Munros 2019 – July 8. 9 Mullach Clach a Bhlair (No. 79)

Friends, collies, early rising dogs,

Oh my goodness, now this was getting seriously silly. 4.00 o’clock in the morning is no time to expect any self-respecting dog to be up and looking their best and, though she had instigated it, I can personally vouch for the fact that B would have turned out a lot better herself with another couple of hours of shut eye.

Still Munros are Munros, and they’ve got to be done and, what’s more, when this bagging business is followed by a long drive home, they’ve got to be bagged early. This is what happens: get up at some ungodly hour, put a Munro in our bag, get a couple of hours of zzzs, drive home… job done.

This morning’s walk started out down the beautiful Glen Feshie. We set off at what for B was a cracking pace. The clear path beyond Achlean aided our progress so, quite how we deserted this, to follow a track down to a bridge over the river, I’ll never know. Route planning last night had clearly shown that we needed to keep to the north side of the river. I must admit to getting quite worried about this tendency of totally ignoring what was, as plain as the nose on your face, only a few hours before.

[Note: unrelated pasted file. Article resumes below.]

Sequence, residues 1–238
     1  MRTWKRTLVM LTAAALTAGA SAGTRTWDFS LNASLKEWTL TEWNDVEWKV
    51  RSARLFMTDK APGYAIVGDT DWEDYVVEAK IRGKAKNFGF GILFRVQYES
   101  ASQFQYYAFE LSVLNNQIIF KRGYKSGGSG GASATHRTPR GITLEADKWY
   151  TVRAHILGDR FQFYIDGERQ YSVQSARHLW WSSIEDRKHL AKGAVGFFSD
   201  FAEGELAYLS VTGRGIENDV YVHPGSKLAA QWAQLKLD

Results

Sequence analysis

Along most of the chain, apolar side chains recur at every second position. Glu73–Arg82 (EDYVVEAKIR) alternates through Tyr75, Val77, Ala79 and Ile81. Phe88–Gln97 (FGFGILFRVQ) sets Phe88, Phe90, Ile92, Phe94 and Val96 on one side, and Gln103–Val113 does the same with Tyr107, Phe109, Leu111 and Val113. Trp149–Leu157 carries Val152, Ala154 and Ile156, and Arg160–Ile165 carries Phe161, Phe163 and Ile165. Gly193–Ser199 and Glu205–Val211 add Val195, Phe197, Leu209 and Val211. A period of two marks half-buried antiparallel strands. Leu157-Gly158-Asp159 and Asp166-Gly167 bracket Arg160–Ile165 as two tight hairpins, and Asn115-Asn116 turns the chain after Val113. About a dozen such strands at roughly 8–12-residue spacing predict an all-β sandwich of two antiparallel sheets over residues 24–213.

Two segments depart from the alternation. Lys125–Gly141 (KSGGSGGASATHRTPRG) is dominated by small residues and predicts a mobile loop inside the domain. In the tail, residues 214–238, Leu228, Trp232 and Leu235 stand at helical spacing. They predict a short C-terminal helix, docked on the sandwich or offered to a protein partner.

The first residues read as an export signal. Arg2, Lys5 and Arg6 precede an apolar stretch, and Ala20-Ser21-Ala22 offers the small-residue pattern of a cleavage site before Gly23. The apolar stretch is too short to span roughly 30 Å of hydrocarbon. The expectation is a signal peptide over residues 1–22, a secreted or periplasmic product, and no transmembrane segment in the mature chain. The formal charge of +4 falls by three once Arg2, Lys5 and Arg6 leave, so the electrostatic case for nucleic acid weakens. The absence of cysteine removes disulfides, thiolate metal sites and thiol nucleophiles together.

Still, on this occasion we rectified the error early and were back on our rightful track absorbing the clarity of light on this glorious extremely EARLY July morning. The route through the glen took us through more of the Scot’s Pine that cloth so many of the glens in the Cairngorms. B had been combing the area this year, most of it without me. Today we were in the south east of the national park and once Mullach Clach a’ Bhlair was in the bag there would be just 3 more routes, to finish off all the Munros in the Cairngorms. After our early mishap we did find our way safely through the forest and then, turning north east, started the inevitable climb. By this time – the fourth day of our long weekend – I had got the treat hunt down to an exact science. I was able to predict with absolute precision the moment when B’s momentum would give out, and she would grind to a halt for a bit of a breather. The frustration of these interruptions to our upward progress was compensated for by the treats that came my way, before we set off again. I just had to look adoringly and, bobs your uncle, I was munching on some nibbles. As these rewards were my main motivation for flogging up mountains I decided to bring forward the moment of administration by pre-empting the next break, sitting down, and gazing with that pleading vulnerability that melts hearts. Alas, we were only a little way into my guise when B cottoned on – she’s not always as daft as she seems. Then she started to tease me, walking for longer than she would normally, even though the huffing and puffing was getting seriously out of hand. I was left sitting behind her with my most pathetic look fixed on the back of her rucksack. I tried racing ahead and sitting down again but she wasn’t having any of it. I think we were playing something called a cat and mouse game, which is somewhat curious because she’s a person and I’m a dog.